Reading · Reviews

Book Review: Reincarnation Blues

I’ve always loved stories dealing with reincarnation. There’s something romantic about the idea of living multiple lives and becoming a better person through each experience. Add a love story to the mix and I couldn’t say no to reading Reincarnation Blues by Michael Poore. This book had such a unique take on reincarnation and I adored the love story. I give the book 4 stars out of 5 and recommend this to anyone looking for a good reincarnation tale.

The story is about Milo, a man who has lived almost 10,000 lives in a world where you get 10,000 lives to reach Perfection and become part of the oversoul to be at one with the universe. Milo has fallen in love with Suzie, the incarnation of Death. He doesn’t want to reach Perfection, he just wants to be with Suzie. But if Milo doesn’t reach Perfection in time, his soul will be destroyed. Continue reading “Book Review: Reincarnation Blues”

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Remote Publishing Internships

Breaking into publishing is difficult enough even if you are located in NYC. Unfortunately for those of us not in NYC, open positions are limited and difficult to find. Below you will find a list of places who accept remote interns. If you are looking for a position I recommend checking the job board on Publishers Marketplace, Media Bistro, and bookjobs.com for new positions. Some agents will post on Twitter when they are looking for an intern.

If you know of any house or agency who accepts remote interns and are not already included below, please let me know so they can be added to the list. Continue reading “Remote Publishing Internships”

Reading · Reviews · Uncategorized

Book Review: The Silent Companions

One of my recent reads was a spooky Victorian gothic set in a crumbling English estate in the countryside. I enjoy horror and creepy stories and I have a tendency to gravitate toward ones with historical settings. The Silent Companions by Laura Purcell did not disappoint. I give it 4 stars and if you are looking for a good creepy gothic, add this to your list right away. If you are like me and find stories about anything doll-like horrifying then don’t read this one right before bed.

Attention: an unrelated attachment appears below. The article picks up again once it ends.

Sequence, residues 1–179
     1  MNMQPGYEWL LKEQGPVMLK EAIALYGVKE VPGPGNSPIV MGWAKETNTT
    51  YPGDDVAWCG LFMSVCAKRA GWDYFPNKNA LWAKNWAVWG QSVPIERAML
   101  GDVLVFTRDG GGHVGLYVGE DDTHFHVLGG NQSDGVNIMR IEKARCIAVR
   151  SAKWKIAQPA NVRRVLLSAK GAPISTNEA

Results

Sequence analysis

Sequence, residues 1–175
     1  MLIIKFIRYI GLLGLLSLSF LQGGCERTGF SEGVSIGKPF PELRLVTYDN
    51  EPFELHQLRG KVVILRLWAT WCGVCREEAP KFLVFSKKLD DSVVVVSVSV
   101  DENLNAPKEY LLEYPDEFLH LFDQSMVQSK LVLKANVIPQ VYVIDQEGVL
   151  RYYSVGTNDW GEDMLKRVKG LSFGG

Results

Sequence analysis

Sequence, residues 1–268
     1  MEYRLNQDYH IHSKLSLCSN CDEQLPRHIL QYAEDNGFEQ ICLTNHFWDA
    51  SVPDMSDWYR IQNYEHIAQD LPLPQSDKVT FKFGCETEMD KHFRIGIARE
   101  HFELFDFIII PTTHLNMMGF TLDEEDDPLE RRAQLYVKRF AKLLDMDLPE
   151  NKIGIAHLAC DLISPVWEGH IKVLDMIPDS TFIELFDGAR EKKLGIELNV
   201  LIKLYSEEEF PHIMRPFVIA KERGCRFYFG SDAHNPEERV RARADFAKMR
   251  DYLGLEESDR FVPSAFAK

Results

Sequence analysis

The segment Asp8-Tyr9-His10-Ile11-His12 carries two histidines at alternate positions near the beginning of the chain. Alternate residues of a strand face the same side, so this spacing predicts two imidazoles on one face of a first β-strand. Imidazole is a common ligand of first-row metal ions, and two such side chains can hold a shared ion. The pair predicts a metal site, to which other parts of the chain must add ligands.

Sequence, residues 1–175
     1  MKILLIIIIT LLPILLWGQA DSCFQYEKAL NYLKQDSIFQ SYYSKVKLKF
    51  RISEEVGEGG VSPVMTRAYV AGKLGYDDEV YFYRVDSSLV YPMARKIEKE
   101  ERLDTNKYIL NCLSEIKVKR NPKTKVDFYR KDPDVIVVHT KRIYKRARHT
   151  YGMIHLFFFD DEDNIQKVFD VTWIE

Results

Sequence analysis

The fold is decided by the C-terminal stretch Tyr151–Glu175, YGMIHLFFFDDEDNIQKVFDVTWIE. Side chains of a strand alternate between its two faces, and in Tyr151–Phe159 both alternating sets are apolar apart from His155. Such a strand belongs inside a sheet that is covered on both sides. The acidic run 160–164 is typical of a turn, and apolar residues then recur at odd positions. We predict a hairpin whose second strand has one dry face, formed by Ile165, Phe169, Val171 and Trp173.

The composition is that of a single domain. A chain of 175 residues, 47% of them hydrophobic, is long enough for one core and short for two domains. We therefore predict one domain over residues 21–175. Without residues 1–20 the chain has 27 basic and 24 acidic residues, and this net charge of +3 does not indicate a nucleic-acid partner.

So what’s it about? Elsie has recently married into the Bainbridge family. Her husband’s family is marked by tragedy, including the death of countless Bainbridge heirs, but Elsie has also suffered from the gruesome loss of her father in the family’s matchstick factory. Elsie’s happy marriage comes to a screeching halt when her husband suddenly dies, leaving her as the owner of the Bainbridge estate known as the Bridge. The estate is full of eerie lifelike wooden dolls. Elsie is unnerved when she discovers one that looks just like her as a child. Her fears intensify when the dolls begin to multiply, first taking on the visages of past inhabitants and then tragic figures from her own background. Then the grisly bodies of the Bridge’s inhabitants begin to stack up. What at first seems to be a dark power haunting the manor could just as easily be Elsie’s runaway imagination bringing her fears to life. Purcell masterfully toes the line between these possibilities as she tells the story behind the lurking evil through Elsie’s experiences at the Bridge, her time spent in a psychiatric hospital after her stay, and through the 17th-century diary revealing the origin of the dolls. Continue reading “Book Review: The Silent Companions”

history · Reading · Reviews

Book Review: Carnegie’s Maid

I couldn’t pass up a book that takes place in 1860’s industrial Pittsburgh, let alone one about Carnegie. You might recognize the author Marie Benedict from her last book, The Other Einstein. I give Carnegie’s Maid 3.5 stars. While I enjoyed the idea of the story, the world-building and character development fell too flat for me. The climax was also underwhelming. One thing this book did get right is detailing the struggle of Irish immigrants in America. That aspect was the most believable for me in this historical.

As the title suggests, Carnegie’s Maid follows the story of Clara Kelly, an Irish immigrant who heads to America to find employment. When a girl with the same name as her dies on the boat, Clara assumes the other girl’s identity to take her job in Pittsburgh as a lady’s maid. Clara uses her salary to help her struggling family in Ireland. However, her new position becomes tricky when a blossoming romance begins between Clara and Andrew Carnegie. Due to their difference in status, a successful marriage between them is unlikely. When Carnegie’s mother gets wind of Clara’s fake identity, she threatens to tell Andrew. Knowing a happy future together is futile, Clara leaves to pursue a life elsewhere, using her salary to pay for her family’s tickets to America. The story is a great peek into the rise of the Carnegie steel empire, how Carnegie’s success affected poor immigrants, and his sudden rise as a philanthropist. Continue reading “Book Review: Carnegie’s Maid”